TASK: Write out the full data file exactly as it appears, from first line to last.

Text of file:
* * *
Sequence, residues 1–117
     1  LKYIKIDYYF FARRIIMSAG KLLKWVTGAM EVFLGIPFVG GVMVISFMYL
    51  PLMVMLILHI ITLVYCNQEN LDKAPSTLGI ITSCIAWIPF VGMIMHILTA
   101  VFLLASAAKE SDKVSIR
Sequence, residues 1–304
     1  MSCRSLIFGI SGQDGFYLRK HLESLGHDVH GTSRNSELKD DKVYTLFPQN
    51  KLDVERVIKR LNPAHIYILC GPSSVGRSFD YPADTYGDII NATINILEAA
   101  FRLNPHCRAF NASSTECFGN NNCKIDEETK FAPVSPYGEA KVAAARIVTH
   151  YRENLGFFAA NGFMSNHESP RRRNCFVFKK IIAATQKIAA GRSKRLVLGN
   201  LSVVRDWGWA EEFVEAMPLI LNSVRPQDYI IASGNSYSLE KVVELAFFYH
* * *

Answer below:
Sequence, residues 1–117
     1  LKYIKIDYYF FARRIIMSAG KLLKWVTGAM EVFLGIPFVG GVMVISFMYL
    51  PLMVMLILHI ITLVYCNQEN LDKAPSTLGI ITSCIAWIPF VGMIMHILTA
   101  VFLLASAAKE SDKVSIR
Sequence, residues 1–304
     1  MSCRSLIFGI SGQDGFYLRK HLESLGHDVH GTSRNSELKD DKVYTLFPQN
    51  KLDVERVIKR LNPAHIYILC GPSSVGRSFD YPADTYGDII NATINILEAA
   101  FRLNPHCRAF NASSTECFGN NNCKIDEETK FAPVSPYGEA KVAAARIVTH
   151  YRENLGFFAA NGFMSNHESP RRRNCFVFKK IIAATQKIAA GRSKRLVLGN
   201  LSVVRDWGWA EEFVEAMPLI LNSVRPQDYI IASGNSYSLE KVVELAFFYH